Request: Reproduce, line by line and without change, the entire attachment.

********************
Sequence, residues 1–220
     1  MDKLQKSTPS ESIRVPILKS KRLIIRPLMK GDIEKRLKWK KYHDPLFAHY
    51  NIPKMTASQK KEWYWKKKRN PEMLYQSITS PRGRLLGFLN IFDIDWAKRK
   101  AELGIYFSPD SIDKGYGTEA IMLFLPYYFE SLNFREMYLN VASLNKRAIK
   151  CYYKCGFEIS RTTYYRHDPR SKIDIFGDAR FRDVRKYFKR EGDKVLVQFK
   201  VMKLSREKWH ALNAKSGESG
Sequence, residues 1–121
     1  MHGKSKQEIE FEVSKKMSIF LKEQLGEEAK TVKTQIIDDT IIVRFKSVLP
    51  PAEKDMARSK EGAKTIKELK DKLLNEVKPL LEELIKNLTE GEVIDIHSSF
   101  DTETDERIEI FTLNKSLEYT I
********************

Sequence, residues 1–220
     1  MDKLQKSTPS ESIRVPILKS KRLIIRPLMK GDIEKRLKWK KYHDPLFAHY
    51  NIPKMTASQK KEWYWKKKRN PEMLYQSITS PRGRLLGFLN IFDIDWAKRK
   101  AELGIYFSPD SIDKGYGTEA IMLFLPYYFE SLNFREMYLN VASLNKRAIK
   151  CYYKCGFEIS RTTYYRHDPR SKIDIFGDAR FRDVRKYFKR EGDKVLVQFK
   201  VMKLSREKWH ALNAKSGESG
Sequence, residues 1–121
     1  MHGKSKQEIE FEVSKKMSIF LKEQLGEEAK TVKTQIIDDT IIVRFKSVLP
    51  PAEKDMARSK EGAKTIKELK DKLLNEVKPL LEELIKNLTE GEVIDIHSSF
   101  DTETDERIEI FTLNKSLEYT I